Some sociologists believe that Coronavirus is a dire threat to religions. They predict that the disease will speed up the already fast drop in churchgoing in the west. As donations fall, church schools, hospitals, homeless shelters, parishes and even cathedrals will struggle to survive.
Stephen Bullivant, whose book Mass Exodus studied Catholic attrition in Britain and America, offers three reasons why he believes churches will shrink after the pandemic. First, he says, churchgoers (both lay and clergy) tend to be elderly and therefore more likely to die of coronavirus. Second, many churches rely on a steady influx of immigrants. With the world in lockdown, that supply has, at least temporarily, dried up. Third, churchgoing is a habit, and once that habit is broken it is hard to take it up again.
For a ‘decent minority’ of people, Bullivant says, ‘a period of weeks or months when they can’t go to Mass, might easily be the “nudge” required to stop altogether. This will be especially true if, as seems likely, we will have a long period where people can go to church again, but when being part of a large gathering is still widely viewed, and possibly officially cautioned against, as an “unnecessary risk”.’
Many who have attended services dutifully their whole lives feel aggrieved by the speed with which bishops agreed first to prohibit public liturgies and then to shut churches. For Catholics, this is particularly wrenching, as the Church teaches that it’s a grave sin to miss Sunday Mass. Now, for the first time in living memory, the bishops have assured believers that it’s permissible — virtuous even — to spend the day at home. A cynic would argue that the Sunday Mass obligation has been a major retention tool for the Church. It may help explain why Catholicism is declining at a slower rate than Anglicanism in Britain. But after the coronavirus crisis, some Catholics may feel less bound by a requirement that was dispensed with so abruptly.
Livestreamed services, meanwhile, are proving a poor substitute for the real thing. They lack the vital communal dimension of worship and even the most pious Christian will admit they are, at times, excruciatingly dull. At church, you can fill the longueurs by gazing across the pews, but laggy live-streams only accentuate the tedium. Worst of all, believers are unable to receive the Eucharist.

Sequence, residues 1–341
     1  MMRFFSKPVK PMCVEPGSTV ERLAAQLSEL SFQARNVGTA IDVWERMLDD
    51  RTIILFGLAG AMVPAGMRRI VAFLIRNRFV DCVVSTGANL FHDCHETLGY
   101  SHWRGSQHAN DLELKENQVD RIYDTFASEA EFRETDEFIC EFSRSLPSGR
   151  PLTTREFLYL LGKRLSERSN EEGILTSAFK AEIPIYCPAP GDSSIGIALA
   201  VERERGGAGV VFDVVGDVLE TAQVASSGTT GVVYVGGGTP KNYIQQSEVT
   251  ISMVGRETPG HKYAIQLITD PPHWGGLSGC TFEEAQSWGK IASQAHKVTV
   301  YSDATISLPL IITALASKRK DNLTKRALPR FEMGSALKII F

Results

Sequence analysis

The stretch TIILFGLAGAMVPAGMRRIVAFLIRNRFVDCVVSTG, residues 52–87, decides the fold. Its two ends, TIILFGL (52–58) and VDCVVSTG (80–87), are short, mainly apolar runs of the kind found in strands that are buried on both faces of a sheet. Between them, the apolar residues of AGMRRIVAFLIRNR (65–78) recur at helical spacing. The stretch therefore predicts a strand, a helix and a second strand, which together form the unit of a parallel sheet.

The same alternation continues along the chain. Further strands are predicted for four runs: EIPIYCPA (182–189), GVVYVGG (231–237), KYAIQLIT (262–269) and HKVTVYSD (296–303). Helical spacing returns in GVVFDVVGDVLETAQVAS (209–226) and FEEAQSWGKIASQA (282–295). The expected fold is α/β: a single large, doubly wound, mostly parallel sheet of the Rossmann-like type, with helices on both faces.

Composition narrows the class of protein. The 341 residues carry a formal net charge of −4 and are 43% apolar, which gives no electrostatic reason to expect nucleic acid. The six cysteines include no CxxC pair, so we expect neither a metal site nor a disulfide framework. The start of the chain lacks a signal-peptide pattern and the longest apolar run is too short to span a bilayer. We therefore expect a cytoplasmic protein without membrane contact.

The lockdown is testing believers of all stripes. Defiance of prevailing norms is, after all, a part of many religions. Consider Egypt’s Copts: in recent years they have risked their lives to attend services. Now, with a nighttime curfew imposed by the authorities, they struggled to attend any Easter celebrations. Or think of Orthodox Jews who wear skullcaps on the street despite the risk of attack. Now they are unable to recite cherished prayers because they cannot form a minyan: the quorum of ten men required for public worship in Judaism. Or spare a thought for Muslims in Sri Lanka, where Covid-19 victims are being cremated, in violation of Islamic tradition.
Brazil’s President Jair Bolsonaro, who came to power with Evangelical support, designated last Sunday as a national day of prayer and fasting for an end to the pandemic. When state governors tried to ban religious gatherings, Bolsonaro overruled them and issued a decree exempting churches.
The virus’s impact on religious practice is overwhelmingly negative
New York Magazine columnist Ed Kilgore has said the coronavirus is testing organised religion, and that as a result people could begin to view crowded religious rituals with suspicion once the pandemic is over. This could lead religious people toward a more individualistic faith.
In India, the far-right wing administration and its feeder organizations are not protesting any closing down of any temples in the country. The months of this season is intensively dotted with dates of festivities and holy gatherings too, but all of them banned, even by the governments that wrenched power on the ride of religion-based campaigning
The much celebrated Thrissur Pooram postponed for the first time in its entire history. Kubh Melas are now just a question of when the government will ban it; no proposal for it being any near.
In countries like Turkey and Iran, the arguments triggered by the arrival of the virus have rocked the popular image of religion, particularly among younger generations. For example, the ideas of the popular cleric Abbas Tabrizian, who found fame preaching about faith-based treatments of illnesses, have become an object of mockery for young Iranians.
We can see that traditional religious commentators are at a loss on how to define their mission and what they can contribute to topics like the Coronavirus.
Some crafty men of faith have tried to sidestep the difficulty by taking the line that scientific advice is religious advice. But at heart, this amounts to the same slogans voiced by Christianity in the West when it threw in the towel in its conflicts with science.
Take Turkey’s Directorate of Religious Affairs, or Diyanet, which finally announced that it was suspending congregational prayers in mosques. The decision saved Diyanet from the high degree of damage it could have suffered in the biggest challenge to its legitimacy of recent times.
Whichever religion they are from, events like the Pope’s self-isolation and the closure of Islam’s holiest site, in Mecca, Saudi Arabia, closing down of thousands of temples and banning all the holy festivities of Hinduism will hold a much bigger place in young people’s memories.
There has been a great conceptual split between faith and religion in countries like Turkey and Iran. We are seeing the first signs of a generation that will keep their faith or unfaith, but remain distant from organised and institutionalised religion, doubting the core of the faith, the god itself.